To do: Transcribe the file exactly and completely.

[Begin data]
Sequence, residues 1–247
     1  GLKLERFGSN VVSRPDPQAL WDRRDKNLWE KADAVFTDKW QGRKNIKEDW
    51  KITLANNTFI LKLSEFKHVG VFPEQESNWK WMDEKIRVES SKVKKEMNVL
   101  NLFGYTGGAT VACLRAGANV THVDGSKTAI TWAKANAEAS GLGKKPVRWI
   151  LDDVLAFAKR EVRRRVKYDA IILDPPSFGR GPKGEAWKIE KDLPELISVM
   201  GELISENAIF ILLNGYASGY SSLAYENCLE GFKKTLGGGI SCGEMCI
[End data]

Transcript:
Sequence, residues 1–247
     1  GLKLERFGSN VVSRPDPQAL WDRRDKNLWE KADAVFTDKW QGRKNIKEDW
    51  KITLANNTFI LKLSEFKHVG VFPEQESNWK WMDEKIRVES SKVKKEMNVL
   101  NLFGYTGGAT VACLRAGANV THVDGSKTAI TWAKANAEAS GLGKKPVRWI
   151  LDDVLAFAKR EVRRRVKYDA IILDPPSFGR GPKGEAWKIE KDLPELISVM
   201  GELISENAIF ILLNGYASGY SSLAYENCLE GFKKTLGGGI SCGEMCI